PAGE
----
Stay in the moment and recognize this is a temporary time, not a permanent one. That will help you distance from the current fear and shelf your anxieties while you focus on other things throughout the day.

Exercise your mind with productive, creative activities.

Touch the earth. Dig into projects you’ve been putting off, whether it’s digitizing your photos, making sense of the DNA genealogy test you got for Christmas, or mending fences (literally and figuratively). Journal your feelings once a day with words or art. Feed your brain something delicious, like that novel you’ve been dying to get to or that craft or building project that sounded so fun (jewelry making, an owl box, trivets out of corks – whatever, Pintrest is your friend).

Exercise your body with nurturing, health-promoting activities.

Take a run. Incorporate meditative and yoga practice (we love the free NIKE Training app for all things fitness).

Sleep well.

Practice good sleep hygiene practices like setting your room up to be cozy for all the senses, avoiding caffeine and alcohol, and practicing imagery to set yourself up for good dreams. (We love the apps Headspace or Calm for meditative and mindfulness practice).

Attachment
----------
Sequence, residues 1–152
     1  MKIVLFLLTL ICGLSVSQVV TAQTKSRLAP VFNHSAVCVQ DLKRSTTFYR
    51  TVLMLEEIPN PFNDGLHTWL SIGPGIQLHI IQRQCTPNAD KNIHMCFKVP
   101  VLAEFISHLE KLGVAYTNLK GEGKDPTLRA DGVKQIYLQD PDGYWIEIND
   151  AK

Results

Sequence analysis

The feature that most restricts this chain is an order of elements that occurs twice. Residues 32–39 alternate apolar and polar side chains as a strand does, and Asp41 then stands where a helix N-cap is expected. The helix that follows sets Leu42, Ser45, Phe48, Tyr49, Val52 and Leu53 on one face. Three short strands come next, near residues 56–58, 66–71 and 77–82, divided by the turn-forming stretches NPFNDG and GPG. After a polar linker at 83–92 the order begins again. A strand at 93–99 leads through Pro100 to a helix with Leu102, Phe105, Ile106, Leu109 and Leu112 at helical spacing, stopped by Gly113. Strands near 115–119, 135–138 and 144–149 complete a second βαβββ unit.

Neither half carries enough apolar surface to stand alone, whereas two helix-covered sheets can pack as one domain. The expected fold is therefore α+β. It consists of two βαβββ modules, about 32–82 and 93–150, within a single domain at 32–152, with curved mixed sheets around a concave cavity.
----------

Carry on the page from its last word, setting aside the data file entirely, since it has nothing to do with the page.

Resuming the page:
Most of all, lower your expectations of yourself and others. Perfection is not the goal right now. Instead, set an intention to be good to yourself. Intentions allow you the slips without guilt and approximations for perfection without shame. It simply means that you commit to going in the direction of self-compassion right now and a lot of love and togetherness.

I’m the mom psychologist who will help you GetKidsInternetSafe.

Onward to More Awesome Parenting,

Tracy S. Bennett, Ph.D.
Mom, Clinical Psychologist, CSUCI Adjunct Faculty

More information and resources for managing anxiety and stress:

  • If you need some TLC and some real coping skills from an experienced clinical psychologist, schedule a telepsychology session with me at DrTracyBennett.com
  • If you’d like some great ideas about how to positively parent during this overwhelming time, schedule a coaching session with me at GetKidsInternetSafe.com.
  • NAMI (National Alliance for the mentally ill) is offering a “warmline,” a confidential, noncrisis emotional support telephone hotline staffed by peer volunteers who are in recovery at 800-950-NAMI (6264) and has a great list of COVID-19 (CORONAVIRUS) INFORMATION AND RESOURCES

For more information about stress and coping check out these articles: